On Monday, April 14, 2014, the Harvard Semitic Museum will permanently remove its exhibit on the site of Nuzi and its inhabitants, the Hurrians. Installed in 1997, this museum has housed the collection for 17 years. But all good things must come to an end, and to prepare our galleries for an exciting new exhibition on David Gordon Lyon, we are finally retiring this unique collection of artifacts. In honor of this event, we’d like to provide a little backstory - after all, every good archaeologist knows that context is everything.
The term “Hurrians” refers to those civilizations that spoke Hurrian in the Near East during the Bronze Age. During the 15th and 14th centuries BCE, these people inhabited Mittani, a kingdom encompassing much of northern Mesopotamia and Syria. Nuzi, a Hurrian city in Mittani, is the ancient name for what is now Yorghan Tepe, Iraq. It was a provincial city with a palace for its governor and administrative officials, a temple, and a largely agricultural domestic town in the surroundings. Its excavation, carried out from 1925-1926 by Edward Chiera and sponsored by the Harvard Semitic and Fogg Art Museums, unveiled a rich collection of artifacts, including some of the earliest glassware vessels, gorgeous jewelry, and intricately decorated pottery. Yet Nuzi is probably most famous for the discovery of thousands of clay tablets with inscribed texts.
Pictured: Dr. Adam Aja, Assistant Curator of the HSM, with the Nuzi tablets. Photo by Justin Ide, courtesy of the Harvard Gazette.
Over 5,000 tablets in total were uncovered, in various stages of preservation. These texts were predominantly written in cuneiform, the script of the ancient Babylonian language. In general, the documents focused on aspects of economics: trade agreements, legal decisions, and administrative records. Many of these tablets are housed in our collections spaces, where ongoing restoration projects are in effect. Trained interns and graduate students spend hours cleaning, documenting, and preserving these tablets to prevent their further decay. Though the exhibit is coming down, this particular work shall continue for years - for a better sketch of this project, read this article!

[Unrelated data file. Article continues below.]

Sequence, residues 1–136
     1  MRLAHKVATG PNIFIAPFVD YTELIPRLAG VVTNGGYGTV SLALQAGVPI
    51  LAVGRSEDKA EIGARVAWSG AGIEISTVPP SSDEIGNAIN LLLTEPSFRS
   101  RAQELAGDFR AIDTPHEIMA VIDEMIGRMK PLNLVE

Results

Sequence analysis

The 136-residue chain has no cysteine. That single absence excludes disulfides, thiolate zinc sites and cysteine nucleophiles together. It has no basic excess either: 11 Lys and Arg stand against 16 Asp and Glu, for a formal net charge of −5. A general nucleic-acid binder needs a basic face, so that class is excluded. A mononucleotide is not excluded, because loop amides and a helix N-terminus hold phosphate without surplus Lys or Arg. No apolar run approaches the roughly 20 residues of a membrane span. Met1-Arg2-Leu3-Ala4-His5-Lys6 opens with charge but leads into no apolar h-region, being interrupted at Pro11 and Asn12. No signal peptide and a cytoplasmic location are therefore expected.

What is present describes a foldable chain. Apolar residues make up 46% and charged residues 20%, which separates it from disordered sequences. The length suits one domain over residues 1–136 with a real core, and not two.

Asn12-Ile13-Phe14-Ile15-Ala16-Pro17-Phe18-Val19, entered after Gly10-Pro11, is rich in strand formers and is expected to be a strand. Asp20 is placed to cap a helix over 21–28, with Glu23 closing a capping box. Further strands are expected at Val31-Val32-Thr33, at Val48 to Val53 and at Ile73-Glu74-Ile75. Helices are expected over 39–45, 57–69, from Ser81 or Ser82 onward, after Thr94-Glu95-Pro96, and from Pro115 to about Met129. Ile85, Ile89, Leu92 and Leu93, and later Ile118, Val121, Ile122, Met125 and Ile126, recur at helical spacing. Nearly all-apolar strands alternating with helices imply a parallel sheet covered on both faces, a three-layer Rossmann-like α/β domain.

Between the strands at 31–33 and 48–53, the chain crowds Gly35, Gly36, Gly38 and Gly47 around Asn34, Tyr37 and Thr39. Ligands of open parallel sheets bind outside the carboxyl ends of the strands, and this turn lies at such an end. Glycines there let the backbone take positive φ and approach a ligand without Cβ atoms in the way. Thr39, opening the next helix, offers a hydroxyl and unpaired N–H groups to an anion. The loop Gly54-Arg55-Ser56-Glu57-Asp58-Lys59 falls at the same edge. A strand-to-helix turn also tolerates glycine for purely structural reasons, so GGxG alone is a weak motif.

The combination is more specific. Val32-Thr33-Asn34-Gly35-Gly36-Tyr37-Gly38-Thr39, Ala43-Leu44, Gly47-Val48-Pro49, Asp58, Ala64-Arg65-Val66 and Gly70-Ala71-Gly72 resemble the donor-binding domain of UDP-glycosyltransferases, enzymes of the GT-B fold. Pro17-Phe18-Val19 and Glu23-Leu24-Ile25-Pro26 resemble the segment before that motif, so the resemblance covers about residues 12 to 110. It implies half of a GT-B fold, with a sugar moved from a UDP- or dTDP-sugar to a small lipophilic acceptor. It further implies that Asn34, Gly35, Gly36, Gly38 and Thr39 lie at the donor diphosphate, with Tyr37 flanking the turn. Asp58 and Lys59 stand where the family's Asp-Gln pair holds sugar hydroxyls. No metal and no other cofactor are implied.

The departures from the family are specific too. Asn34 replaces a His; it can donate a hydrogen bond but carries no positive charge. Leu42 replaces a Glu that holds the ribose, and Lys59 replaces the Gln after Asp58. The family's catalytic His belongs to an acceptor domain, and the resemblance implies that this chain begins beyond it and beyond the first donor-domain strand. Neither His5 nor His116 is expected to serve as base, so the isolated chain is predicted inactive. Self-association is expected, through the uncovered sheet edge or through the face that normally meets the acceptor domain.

Evidence of a thriving religion was also revealed by the excavation. In the domestic sphere, small figurines alluded to votive worship and an emphasis on prayers for fertility. In the public sphere, the temple was determined to have two distinct sanctuaries. The discovery of fragmentary ceramic lions within close proximity to one of the shrines allowed scholars to identify worship of Ishtar-Shawushka, the Akkadian-Hurrian goddess of war and sex. Last spring, the Semitic Museum made headlines by using 3D scanning technology of these fragments to reconstruct a complete version of one of these lions. For more information, see this article in Time magazine.
Pictured: the reconstructed Nuzi lion
For 17 years, this collection has provided the public a window into a civilization easily lost in the sands of time. As we exit one chapter of this museum’s history and move on to a new, fresh exhibition, we would like to thank everyone who has taken the time to visit our collections and admire this rich, fascinating culture. And while it is sad to see such a long-standing showcase leave, we can guarantee that its replacement will be equally (if not more!) intruiguing.